After a week’s break from gaming club (My son was performing in a concert last Wednesday evening) last night saw what was actually my first board game played face-to-face for several weeks.
Having bought it a few weeks ago, I was really glad to get War of the Roses: Lancaster vs York to the table – and to be honest, I’ve been looking forward to this ever since the box arrived.
I’m very glad to say that I wasn’t disappointed.
First up, the game has an absolutely fantastic production – some would say it’s over produced. It was a sheer joy just punching out the card counters! The game has a heavy mounted board, the player boards and screens are pretty awesome (each player has a thick mounted card screen, with the outside illustrated as a castle of the players colour, with game reference information on the inside) and all the card counters and wooden pieces are thick and wonderfully tactile.
The game artwork is of a very high general standard (though the box art isn’t the best in the world) so the whole look and feel of the game adds a tremendous amount to the whole experience.
But what is the game like to play?
Well, my initial impressions, after a single game, is that this is liable to become one of my all time favourite games. I really like area control games, and this is game is all about area control – much as it looks like it might be a wargame, it isn’t. It’s much closer to the likes of Shogun or El Grande – even though it looks more like Kingmaker. To be honest, the War of the Roses theme is very much an icing as opposed to a foundation, and the game could just as easily fit into any historical civil war setting…Sengoku period Japan would be an ideal re-theme, for example.
The other question we were asked on several occasion was “Is it as complicated as it looks?”.
Again, the answer is no. Once you understand the aim of the game, and how Control Points work in the game to give Victory points, the mechanisms are quite straight forward.
It’s an interesting combination of individual and team gaming – in a 4 player game, the players are effectively in two teams and will do best working together to ensure that their Royal House ends up with the King (more victory points) – but this is a game with only 1 winner, so you may very well have to look out for the dagger in the back…
…which leads us onto last night’s game. My biggest learning experiences?
- It’s very hard to win this game by being the early front-runner.
- Until the end of turn 4, cash is king. The more cash you have, the more active you can be.
- In turn 5, money becomes unimportant – it’s all about control points.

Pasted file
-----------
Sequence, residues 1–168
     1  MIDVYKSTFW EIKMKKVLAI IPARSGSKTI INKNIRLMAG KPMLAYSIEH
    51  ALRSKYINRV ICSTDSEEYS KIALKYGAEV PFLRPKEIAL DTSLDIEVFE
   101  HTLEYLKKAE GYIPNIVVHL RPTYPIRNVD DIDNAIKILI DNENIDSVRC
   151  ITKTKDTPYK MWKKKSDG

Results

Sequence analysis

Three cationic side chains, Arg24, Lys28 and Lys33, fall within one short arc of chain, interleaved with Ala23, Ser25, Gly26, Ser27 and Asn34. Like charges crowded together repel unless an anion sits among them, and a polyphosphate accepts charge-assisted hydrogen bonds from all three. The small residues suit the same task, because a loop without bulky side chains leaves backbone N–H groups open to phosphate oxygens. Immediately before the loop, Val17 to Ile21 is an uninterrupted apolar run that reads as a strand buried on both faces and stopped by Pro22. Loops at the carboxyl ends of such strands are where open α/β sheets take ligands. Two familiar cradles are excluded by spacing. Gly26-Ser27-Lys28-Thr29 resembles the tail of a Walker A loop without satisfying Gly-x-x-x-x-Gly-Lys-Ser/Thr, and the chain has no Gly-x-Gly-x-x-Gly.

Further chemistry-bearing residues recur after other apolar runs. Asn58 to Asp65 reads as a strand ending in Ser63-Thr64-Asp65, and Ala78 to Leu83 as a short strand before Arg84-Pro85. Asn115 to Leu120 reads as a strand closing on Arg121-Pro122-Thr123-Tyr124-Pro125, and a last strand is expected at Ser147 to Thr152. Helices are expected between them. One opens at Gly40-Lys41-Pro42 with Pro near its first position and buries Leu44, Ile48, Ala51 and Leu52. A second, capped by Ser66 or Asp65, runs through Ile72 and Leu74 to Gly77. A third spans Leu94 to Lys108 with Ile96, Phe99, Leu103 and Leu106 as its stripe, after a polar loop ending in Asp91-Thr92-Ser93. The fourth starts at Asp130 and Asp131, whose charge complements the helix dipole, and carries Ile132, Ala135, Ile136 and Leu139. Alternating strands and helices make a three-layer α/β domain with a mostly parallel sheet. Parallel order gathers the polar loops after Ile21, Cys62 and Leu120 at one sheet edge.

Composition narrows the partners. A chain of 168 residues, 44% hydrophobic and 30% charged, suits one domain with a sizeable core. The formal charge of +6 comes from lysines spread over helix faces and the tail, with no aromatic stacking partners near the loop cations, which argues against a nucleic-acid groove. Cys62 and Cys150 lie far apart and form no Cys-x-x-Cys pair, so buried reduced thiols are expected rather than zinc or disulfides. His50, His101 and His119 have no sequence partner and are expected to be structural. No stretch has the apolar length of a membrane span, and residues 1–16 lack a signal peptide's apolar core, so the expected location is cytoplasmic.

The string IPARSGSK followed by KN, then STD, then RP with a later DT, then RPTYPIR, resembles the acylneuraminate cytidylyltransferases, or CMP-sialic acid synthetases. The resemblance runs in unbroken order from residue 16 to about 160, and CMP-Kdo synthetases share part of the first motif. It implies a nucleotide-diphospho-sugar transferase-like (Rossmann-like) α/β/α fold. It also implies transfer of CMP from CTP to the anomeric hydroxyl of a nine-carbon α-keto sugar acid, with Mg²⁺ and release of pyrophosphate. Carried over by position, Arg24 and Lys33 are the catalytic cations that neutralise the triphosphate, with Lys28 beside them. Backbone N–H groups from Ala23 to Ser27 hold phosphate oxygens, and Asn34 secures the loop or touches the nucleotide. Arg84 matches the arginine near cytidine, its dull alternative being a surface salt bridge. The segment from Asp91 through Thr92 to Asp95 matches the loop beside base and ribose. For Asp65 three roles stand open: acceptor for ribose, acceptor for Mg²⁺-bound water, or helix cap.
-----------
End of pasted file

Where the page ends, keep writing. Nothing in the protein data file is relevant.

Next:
- Do your maths correctly! On a couple of occasions I lost vital victory points because I came third in an area by a single control point.
- Try and co-ordinate with your Royal House partner – you are playing as a team, and early in the game it may be vital to your eventual success for you to work together against the common enemy…even if you are not allowed to talk about it!
..which brings me to my biggest mistake of last night. By turn 3, I was the only player without a noble, and I was desperately looking for a ‘cheap’ noble that I could bribe (because I had lots of money to spend). I found my target, planned my move – and then discovered to my complete horror during the Bribery phase that the noble I was trying to bribe was my partners…I just didn’t concentrate fully on the colour, especially with an enemy noble counter next to the one in question.
The result? My bribe wiped out my partner’s counter-bribe, and the noble was then taken over by the enemy. This swung the Midlands region in favour of the Lancastrians, and they romped away with the rest of the game.
It was both funny and tragic – and my how our opponents laughed! It was a simple mistake, but it turned the course of the entire game and we never recovered.
The Yorkists ended the game thoroughly defeated – and my early lead turned into last place…almost 50 VPs behind the eventual winner.
Despite that appalling piece of play, i enjoyed the game immensely. This, admittedly, was my first game and looking back there is quite a bit I would do differently in future…
…and that’s the important thing. Given that not all of the available resource will appear in the game (there are more resource cards available than what can be played in the game), each game will be different, which improves replayability – and I can see that once each of us has 2 or 3 games under our belts, the game will become more rather than less of a challenge.
In short, this is a good, solid area control game which has an elegant and uncomplicated set of mechanics. Uncomplicated does not mean simple, and there is enough meat here to keep you coming back. It’s also has decent player interaction (although the planning phase, like most area control games, is very “head down and think hard”) – all this coupled with some of the best game production that I have even seen makes for a simply fantastic game.
After a single play, this game rates as a very solid 9, which may very well rise to a 10 once I have played again.